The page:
“Hang on; what’s your name?”

Tom pauses and tenses all over.

“If you have a complaint to make, you can call customer service and file a grievance against employee number 06293.”

“Do you have a proper name, 06293?”

“You have no need of it,” Tom grits out.

“But what if I want to ask you out, 06293?”

“You don’t.”

He walks away, his electronic clipboard stuffed under his arm and in serious danger of breaking if he doesn’t stop squeezing it.

“You know,” Annabelle yells to his back, even as Tom begins climbing into his truck. “All I need to do is order another package and you’ll come right to my door. Maybe I’ll buy flowers and it’ll be just like a real date.”

Tom glares over his shoulder, but Annabelle just shrugs nonchalantly and waves.

“See you around,” she says before stepping back into the house, leaving Tom to thump his forehead against the steering wheel and pray that the day will end already.

Quake Fear

SF
Whenever anyone talks about the Bay Area, my mind automatically goes to the story my mum told me a long time ago about her trip there with my dad. Before I was even born, my dad took a business trip to San Francisco and my mother tagged along since it was somewhere she’d always wanted to go. While there, my dad spent a lot of his time working and my mum went around to various tourist attractions, which is when this picture was taken.

Now, coming from England, they’d experienced hardly any natural disasters. England isn’t really known for its earthquakes or tornados or tsunamis. That sort of stuff usually happens elsewhere and we look on in horror at the new reports on the television. With this in mind, my parents somehow managed to be in San Francisco for an earthquake on the 8th of August 1989. Although it wasn’t the biggest (that was later that year), it was still a 5.2 on the Richter scale and it occurred just after 1am, which meant it woke them up. Well, it woke my mother up, but my dad, after one too many beers during a celebration the night before, slept right through it. My mum says she remembers feeling the whole hotel sway and heard ominous creaking, but, thankfully, the building remained upright.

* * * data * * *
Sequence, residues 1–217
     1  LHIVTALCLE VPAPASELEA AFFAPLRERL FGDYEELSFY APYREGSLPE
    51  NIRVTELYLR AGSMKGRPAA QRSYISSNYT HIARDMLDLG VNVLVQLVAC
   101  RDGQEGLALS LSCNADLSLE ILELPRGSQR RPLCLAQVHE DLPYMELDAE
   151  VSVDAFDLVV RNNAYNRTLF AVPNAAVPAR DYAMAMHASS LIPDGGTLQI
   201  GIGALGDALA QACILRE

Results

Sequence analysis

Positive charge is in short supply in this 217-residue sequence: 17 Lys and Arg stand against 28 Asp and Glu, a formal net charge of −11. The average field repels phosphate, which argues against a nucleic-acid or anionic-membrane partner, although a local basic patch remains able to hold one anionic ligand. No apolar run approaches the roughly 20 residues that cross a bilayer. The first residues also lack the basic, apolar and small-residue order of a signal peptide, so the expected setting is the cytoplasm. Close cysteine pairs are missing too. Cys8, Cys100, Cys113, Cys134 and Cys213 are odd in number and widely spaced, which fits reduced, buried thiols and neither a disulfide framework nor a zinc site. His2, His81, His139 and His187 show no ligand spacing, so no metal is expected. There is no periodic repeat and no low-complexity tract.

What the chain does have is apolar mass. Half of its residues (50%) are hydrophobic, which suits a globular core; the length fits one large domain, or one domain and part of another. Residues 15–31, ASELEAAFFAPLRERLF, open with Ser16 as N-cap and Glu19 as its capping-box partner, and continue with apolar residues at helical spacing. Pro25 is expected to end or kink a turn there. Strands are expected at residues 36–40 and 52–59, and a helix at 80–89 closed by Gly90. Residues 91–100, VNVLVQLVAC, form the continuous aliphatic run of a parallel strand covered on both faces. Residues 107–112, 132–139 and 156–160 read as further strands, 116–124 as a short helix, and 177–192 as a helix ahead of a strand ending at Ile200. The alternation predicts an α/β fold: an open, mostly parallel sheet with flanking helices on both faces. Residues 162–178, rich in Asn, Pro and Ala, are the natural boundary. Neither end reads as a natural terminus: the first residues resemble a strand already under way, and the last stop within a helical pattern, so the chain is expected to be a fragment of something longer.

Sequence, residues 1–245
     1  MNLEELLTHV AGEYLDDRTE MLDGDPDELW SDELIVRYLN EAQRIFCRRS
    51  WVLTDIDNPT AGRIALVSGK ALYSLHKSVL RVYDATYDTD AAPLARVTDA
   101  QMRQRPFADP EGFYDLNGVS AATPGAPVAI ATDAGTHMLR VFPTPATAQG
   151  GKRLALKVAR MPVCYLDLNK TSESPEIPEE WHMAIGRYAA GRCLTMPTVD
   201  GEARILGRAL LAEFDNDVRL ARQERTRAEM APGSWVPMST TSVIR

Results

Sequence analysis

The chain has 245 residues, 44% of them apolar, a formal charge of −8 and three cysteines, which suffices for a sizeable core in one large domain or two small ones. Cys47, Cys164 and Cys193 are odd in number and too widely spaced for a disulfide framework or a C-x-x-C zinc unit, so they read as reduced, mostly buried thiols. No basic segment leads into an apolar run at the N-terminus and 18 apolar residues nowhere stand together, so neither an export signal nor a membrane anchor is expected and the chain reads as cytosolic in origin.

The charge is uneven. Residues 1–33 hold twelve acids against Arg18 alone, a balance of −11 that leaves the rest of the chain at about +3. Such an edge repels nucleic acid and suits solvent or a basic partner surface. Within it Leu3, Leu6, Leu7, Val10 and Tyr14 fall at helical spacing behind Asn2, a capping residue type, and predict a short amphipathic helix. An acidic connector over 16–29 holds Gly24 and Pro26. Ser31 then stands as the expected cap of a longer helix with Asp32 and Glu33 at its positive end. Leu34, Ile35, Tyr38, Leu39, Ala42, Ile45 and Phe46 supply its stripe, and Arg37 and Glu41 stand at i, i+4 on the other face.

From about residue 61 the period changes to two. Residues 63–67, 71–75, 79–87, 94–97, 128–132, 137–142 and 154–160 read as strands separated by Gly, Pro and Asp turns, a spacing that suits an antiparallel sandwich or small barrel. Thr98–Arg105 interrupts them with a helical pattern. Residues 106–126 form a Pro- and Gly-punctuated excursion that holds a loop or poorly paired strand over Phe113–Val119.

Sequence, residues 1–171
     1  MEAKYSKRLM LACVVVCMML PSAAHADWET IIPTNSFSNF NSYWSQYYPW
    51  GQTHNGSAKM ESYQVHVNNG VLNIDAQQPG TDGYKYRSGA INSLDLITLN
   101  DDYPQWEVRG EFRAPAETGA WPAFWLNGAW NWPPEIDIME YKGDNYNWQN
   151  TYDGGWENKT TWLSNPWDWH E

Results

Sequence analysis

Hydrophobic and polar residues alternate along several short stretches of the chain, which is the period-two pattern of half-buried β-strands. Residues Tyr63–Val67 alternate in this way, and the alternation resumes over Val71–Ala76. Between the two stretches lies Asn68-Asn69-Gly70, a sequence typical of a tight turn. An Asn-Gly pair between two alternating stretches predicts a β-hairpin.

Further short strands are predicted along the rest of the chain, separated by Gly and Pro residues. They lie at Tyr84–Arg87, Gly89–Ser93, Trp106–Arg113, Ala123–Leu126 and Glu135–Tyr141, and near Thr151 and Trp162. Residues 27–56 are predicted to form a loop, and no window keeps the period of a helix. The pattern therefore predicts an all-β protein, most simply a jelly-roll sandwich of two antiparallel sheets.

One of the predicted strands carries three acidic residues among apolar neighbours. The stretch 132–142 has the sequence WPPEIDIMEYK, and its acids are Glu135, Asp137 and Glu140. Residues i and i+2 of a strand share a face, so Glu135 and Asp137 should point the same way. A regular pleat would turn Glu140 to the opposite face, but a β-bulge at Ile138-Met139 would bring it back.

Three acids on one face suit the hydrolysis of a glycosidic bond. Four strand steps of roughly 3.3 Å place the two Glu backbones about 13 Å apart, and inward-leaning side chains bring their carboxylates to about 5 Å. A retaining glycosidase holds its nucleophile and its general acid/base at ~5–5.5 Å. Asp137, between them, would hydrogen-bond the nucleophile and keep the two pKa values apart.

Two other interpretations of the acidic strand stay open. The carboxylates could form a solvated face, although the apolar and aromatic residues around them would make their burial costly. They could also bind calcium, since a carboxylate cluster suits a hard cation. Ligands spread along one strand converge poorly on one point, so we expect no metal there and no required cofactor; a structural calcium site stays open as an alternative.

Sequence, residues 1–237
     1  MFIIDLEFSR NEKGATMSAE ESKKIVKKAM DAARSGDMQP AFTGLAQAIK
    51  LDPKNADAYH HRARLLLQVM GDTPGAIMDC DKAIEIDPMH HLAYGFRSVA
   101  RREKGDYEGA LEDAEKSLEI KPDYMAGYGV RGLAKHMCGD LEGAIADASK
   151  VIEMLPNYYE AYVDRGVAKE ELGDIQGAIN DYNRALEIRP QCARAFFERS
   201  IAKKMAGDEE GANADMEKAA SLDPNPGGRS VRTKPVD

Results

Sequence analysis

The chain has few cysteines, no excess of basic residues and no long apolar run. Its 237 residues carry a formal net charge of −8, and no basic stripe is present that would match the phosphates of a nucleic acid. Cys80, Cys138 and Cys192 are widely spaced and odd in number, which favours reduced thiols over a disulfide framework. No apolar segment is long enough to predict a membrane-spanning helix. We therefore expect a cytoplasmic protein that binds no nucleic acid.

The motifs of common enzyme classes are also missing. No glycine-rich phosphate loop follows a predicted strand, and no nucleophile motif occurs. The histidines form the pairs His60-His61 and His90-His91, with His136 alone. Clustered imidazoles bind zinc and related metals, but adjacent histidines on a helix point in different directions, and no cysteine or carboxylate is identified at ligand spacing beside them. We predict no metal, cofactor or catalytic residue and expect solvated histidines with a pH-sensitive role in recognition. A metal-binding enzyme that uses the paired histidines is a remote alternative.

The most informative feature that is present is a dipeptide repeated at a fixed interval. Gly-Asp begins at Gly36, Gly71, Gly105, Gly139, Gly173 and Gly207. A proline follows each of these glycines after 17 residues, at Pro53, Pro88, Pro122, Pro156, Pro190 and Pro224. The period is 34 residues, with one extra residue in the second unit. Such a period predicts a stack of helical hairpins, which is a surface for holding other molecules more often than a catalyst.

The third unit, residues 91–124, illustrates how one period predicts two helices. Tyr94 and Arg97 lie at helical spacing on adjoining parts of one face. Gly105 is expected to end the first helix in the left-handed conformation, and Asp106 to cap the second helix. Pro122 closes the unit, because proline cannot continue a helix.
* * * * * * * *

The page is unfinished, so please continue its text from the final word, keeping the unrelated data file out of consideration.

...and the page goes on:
Unfortunately, not everyone had the same experience. My mum kept a newspaper clipping from the paper that was released the next day, which has the headline, “Quake Fear Man Takes 55ft Death Dive.” The man had been woken up the earthquake, but was staying with his half-brother on the fifth floor of an apartment block, which didn’t end well for him. He apparently dove out the window in his panic, obviously forgetting how high up he was, and ended up falling to his death. His half-brother said, “‘He may have been dreaming and didn’t realise he was on the fifth floor.”

Needless to say, my parents definitely remember their trip to San Francisco!